Marginalisation and African Art

Marginalisation of individuals is something that is close to my heart for lots of reasons. I particularly love studying marginalisation in art and mostly it’s nice to think that we’ve started to conquer lots of problems that have been around in the past.

However we’re still not there on so many levels. I mean, there’s a massive gulf in the numbers of women and male artists in top galleries, both exhibiting and working in academic positions. But today, I don’t want to talk about womens rights, or be a shouty feminist.

Today I want to talk about the Tate Modern and the celebration of Africa that they’re having there at the moment. African art has always been marginalised. It came to the forefront when the Cubists and some other Modern Artists found it and thought it was cute, they used it as inspiration in a slightly patronising way.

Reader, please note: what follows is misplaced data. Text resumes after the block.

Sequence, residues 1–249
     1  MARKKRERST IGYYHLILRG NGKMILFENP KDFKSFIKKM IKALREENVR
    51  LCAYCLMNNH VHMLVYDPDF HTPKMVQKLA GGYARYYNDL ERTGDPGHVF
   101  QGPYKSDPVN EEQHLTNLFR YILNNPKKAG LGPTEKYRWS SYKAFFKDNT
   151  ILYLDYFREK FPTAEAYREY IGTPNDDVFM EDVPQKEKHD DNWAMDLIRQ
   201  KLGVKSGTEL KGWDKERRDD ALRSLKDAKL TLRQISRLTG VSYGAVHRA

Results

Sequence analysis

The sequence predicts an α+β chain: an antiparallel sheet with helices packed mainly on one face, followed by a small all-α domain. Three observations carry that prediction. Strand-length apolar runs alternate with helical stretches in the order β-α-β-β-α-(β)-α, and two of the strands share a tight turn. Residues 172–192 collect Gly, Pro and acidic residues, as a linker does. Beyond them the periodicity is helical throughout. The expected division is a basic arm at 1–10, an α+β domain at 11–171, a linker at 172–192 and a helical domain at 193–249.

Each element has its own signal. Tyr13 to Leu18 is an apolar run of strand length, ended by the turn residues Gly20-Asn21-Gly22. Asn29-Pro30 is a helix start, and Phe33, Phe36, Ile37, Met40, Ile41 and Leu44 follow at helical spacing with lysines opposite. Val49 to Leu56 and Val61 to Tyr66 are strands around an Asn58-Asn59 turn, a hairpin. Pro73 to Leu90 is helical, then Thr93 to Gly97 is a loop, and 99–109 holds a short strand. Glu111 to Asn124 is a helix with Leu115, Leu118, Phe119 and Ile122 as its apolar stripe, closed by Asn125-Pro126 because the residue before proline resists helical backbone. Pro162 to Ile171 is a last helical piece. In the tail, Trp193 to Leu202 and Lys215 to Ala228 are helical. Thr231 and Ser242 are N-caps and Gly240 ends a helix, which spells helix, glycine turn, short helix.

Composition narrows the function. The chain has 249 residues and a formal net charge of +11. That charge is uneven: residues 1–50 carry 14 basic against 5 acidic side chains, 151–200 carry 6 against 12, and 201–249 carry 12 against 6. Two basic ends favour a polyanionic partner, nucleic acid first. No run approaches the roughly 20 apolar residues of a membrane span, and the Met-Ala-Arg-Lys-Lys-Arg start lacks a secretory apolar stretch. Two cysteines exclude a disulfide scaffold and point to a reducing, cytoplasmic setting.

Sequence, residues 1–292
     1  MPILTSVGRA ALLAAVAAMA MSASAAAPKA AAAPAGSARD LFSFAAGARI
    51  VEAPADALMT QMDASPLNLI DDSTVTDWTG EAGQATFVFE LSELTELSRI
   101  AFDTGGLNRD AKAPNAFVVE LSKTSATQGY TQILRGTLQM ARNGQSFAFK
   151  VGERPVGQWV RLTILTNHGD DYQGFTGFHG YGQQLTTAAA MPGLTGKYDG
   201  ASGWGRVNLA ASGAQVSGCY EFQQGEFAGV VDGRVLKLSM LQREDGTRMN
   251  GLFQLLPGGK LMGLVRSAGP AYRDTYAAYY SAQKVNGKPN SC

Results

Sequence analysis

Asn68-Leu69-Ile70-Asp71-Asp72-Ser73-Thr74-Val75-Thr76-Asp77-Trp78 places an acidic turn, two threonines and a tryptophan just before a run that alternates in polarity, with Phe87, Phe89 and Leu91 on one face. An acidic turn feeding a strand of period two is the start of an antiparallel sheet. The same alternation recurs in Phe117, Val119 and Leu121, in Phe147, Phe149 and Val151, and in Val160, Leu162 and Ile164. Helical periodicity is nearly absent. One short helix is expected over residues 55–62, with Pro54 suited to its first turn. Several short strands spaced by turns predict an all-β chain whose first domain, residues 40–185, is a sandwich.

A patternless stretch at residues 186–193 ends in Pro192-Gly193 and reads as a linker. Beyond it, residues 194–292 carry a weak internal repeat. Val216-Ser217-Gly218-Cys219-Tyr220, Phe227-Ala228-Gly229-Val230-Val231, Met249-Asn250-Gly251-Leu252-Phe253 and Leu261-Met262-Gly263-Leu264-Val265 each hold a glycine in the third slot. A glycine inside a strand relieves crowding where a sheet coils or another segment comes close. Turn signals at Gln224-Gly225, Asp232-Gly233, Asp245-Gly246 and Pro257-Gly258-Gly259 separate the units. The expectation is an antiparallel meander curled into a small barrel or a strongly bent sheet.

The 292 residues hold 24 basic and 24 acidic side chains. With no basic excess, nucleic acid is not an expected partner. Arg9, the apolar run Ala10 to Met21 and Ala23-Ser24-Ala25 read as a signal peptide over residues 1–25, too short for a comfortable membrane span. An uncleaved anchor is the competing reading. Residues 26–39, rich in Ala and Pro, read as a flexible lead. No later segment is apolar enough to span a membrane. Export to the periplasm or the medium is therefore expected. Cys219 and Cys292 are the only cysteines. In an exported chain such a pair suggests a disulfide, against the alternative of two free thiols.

The Western world also has a long history of treating African Art as craft and not deeming it worthy of the social status of Art. However huge inroads are being made in this area, not least of which by the British Museum in the beautiful and contempory way that they’re exhibiting the Benin Bronzes in the Africa galleries. This is massively due to the new feminist approaches to art history that were established in the 1970’s and it’s the route that I’m choosing to pursue with my studies.

But just watch this video. This guy is such an inspiration. He identified a problem – there were no spaces available to show contemporary African Art in the west. People just weren’t interested if it wasn’t cute craft. So he went out there and he found a space – at the Tate Modern of all places. And back at home he realised there was no Art education and you could not get hold of study materials, so he has established his own Art library. Just wow.

More people like this in the world please, who have a dream and make it happen.